Tuesday, March 15, 2011

RICHARD AYOADE'S SUBMARINE: THAT MAN FROM THAT THING



In person, Richard Ayoade's the world's most softly-spoken man, analysing every word, considering every syllable, visibly agonising over being misconstrued and taken out of context. With his trademark afro and glasses, he looks (and sounds) like a hipper, more stylish version of Maurice Moss (IT Crowd). He discusses film like a full-blown cinema junkie. But it's awkward, uncomfortable. Usually, I get nervous before a big interview. Not this time. If anything, it's Ayoade that looks nervous. At one point he offers, "I’m not a natural interviewee. It’s not my strongest suit. I feel sorry for people having to interview me".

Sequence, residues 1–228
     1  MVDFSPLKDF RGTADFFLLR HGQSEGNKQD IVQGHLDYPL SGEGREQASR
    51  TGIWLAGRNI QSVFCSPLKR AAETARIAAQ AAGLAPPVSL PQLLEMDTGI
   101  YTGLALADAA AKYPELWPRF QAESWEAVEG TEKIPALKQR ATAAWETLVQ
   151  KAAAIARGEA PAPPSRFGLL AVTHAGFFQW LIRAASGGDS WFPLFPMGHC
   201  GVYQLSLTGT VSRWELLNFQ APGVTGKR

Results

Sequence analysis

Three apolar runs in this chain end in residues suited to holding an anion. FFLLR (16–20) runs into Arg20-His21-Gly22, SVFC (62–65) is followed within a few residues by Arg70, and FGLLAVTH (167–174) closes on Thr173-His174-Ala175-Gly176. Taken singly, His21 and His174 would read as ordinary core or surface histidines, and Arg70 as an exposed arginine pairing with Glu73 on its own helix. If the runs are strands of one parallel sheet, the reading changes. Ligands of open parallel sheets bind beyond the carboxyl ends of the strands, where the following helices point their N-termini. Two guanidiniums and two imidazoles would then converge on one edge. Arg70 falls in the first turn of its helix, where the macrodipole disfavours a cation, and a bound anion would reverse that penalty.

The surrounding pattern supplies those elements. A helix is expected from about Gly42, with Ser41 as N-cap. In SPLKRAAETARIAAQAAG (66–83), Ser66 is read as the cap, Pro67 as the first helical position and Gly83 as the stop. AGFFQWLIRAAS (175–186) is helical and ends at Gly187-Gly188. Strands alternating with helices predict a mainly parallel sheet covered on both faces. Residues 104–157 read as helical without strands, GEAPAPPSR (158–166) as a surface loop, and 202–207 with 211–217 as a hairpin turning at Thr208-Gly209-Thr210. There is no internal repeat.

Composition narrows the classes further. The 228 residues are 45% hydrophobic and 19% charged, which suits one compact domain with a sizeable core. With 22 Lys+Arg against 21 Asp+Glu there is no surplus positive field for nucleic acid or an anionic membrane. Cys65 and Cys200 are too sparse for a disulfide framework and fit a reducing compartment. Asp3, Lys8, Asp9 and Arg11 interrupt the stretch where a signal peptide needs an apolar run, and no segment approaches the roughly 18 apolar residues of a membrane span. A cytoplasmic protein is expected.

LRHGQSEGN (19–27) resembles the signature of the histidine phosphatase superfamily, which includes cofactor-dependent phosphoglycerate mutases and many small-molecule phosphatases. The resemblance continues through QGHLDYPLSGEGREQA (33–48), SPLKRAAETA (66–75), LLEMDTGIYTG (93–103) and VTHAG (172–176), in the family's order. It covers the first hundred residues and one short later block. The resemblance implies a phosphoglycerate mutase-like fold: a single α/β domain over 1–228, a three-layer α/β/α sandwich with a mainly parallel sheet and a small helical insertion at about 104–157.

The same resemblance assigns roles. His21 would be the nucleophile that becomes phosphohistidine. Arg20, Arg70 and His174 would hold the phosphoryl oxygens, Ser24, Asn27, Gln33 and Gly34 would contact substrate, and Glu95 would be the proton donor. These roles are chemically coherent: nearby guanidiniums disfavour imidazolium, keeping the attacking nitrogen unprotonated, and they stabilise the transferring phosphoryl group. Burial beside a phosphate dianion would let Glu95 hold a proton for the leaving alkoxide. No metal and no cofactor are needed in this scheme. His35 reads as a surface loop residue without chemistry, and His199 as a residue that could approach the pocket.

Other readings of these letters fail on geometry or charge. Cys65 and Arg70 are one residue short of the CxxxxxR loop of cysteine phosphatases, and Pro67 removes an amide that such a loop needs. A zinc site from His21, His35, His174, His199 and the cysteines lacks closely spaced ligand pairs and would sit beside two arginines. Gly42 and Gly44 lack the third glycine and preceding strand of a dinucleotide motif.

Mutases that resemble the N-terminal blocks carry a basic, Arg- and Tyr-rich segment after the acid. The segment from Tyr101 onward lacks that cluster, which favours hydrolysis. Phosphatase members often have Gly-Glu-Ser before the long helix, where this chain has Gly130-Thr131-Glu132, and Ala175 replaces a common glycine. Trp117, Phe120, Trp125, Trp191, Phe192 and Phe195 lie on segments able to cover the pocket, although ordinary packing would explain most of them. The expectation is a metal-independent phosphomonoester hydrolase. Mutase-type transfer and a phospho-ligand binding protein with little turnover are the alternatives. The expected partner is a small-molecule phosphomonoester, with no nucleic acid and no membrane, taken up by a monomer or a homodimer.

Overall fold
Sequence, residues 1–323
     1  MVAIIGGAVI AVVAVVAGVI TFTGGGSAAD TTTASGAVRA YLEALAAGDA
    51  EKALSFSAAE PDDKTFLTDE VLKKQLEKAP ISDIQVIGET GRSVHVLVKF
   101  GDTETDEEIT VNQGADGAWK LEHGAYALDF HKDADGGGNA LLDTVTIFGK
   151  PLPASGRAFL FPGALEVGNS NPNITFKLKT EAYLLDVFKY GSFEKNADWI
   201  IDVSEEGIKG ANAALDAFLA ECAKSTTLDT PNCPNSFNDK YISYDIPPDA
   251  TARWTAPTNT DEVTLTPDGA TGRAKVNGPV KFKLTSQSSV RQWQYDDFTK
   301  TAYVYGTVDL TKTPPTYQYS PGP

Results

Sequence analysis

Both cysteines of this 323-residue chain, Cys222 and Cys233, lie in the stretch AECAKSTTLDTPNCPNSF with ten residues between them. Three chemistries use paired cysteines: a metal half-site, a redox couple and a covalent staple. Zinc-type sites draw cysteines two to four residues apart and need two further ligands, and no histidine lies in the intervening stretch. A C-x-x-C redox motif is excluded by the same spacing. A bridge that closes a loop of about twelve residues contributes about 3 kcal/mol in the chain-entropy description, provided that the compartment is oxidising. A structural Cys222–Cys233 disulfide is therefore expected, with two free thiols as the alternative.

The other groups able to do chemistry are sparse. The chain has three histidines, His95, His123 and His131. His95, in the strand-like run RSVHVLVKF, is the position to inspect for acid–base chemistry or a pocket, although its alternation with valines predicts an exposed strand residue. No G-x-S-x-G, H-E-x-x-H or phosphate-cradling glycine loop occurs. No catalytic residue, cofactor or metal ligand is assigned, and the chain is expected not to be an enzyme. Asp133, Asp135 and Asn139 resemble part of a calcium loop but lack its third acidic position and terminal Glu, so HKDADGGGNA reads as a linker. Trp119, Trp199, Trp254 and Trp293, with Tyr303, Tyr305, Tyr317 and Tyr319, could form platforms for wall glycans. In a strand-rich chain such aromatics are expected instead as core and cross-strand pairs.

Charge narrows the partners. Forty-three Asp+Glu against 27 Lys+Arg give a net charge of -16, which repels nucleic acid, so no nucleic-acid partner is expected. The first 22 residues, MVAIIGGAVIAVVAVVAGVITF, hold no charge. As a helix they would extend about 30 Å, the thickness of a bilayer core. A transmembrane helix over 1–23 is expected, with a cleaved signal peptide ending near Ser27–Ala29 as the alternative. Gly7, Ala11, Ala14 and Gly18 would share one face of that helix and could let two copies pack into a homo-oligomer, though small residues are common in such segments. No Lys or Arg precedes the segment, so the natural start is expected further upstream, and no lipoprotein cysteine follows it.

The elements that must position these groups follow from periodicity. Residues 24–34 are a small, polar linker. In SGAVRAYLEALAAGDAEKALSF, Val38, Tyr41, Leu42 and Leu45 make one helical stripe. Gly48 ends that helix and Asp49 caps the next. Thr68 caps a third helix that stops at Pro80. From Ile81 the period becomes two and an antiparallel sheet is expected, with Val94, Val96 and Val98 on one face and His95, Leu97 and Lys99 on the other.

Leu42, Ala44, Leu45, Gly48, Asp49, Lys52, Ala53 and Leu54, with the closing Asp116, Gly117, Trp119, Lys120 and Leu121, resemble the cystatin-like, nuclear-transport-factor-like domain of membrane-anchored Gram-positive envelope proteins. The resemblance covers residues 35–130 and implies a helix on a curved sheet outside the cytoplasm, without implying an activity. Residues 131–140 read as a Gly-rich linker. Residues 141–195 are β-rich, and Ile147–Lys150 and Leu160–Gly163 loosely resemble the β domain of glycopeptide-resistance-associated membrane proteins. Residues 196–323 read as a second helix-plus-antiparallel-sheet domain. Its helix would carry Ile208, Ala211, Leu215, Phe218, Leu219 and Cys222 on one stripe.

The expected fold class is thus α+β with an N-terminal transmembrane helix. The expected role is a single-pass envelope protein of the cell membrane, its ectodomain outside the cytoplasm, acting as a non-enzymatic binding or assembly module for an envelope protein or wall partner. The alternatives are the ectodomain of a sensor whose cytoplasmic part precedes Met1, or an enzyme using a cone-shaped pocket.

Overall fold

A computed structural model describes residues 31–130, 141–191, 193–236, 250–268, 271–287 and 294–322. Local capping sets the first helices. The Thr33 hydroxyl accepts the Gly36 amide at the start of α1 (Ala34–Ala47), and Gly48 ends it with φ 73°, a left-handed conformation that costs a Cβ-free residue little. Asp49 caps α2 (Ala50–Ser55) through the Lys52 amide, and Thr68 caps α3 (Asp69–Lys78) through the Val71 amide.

Besides IT Crowd, Garth Marenghi's Dark Place and The Mighty Boosh, Richard Ayoade's directed music videos for Yeah Yeah Yeahs, Super Furry Animals, Vampire Weekend, Kasabian and his friends Arctic Monkeys (and The Last Shadow Puppets). He also directed the comedy "rock opera" AD/BC, working with IT Crowd, Garth Marenghi and Mighty Boosh co-star Matt Berrry. Submarine, a coming of age story starring Craig Roberts as Oliver Tate, is his first full-length feature film. I spoke to Richard at the Soho Hotel (above).

What was it about Submarine that appealed to you as a filmmaker?




Initially, I just really liked the book. I liked Joe Dunthorne’s writing. I liked the character. It wasn’t something I thought was particularly filmy. The book’s very literary. All first person. It felt very hard to translate. But I liked the book so much I wanted to try.


So you weren’t actively looking for your first film at the time?



Not really. It wasn’t a conscious decision. I… Er… Yeah… I wanted to make a film, maybe. It was a matter of wait until something felt right. It wasn’t a thing of me reading through various books and going, “I’ve hit upon it”.

Click here for the full interview - Don't Panic Online...


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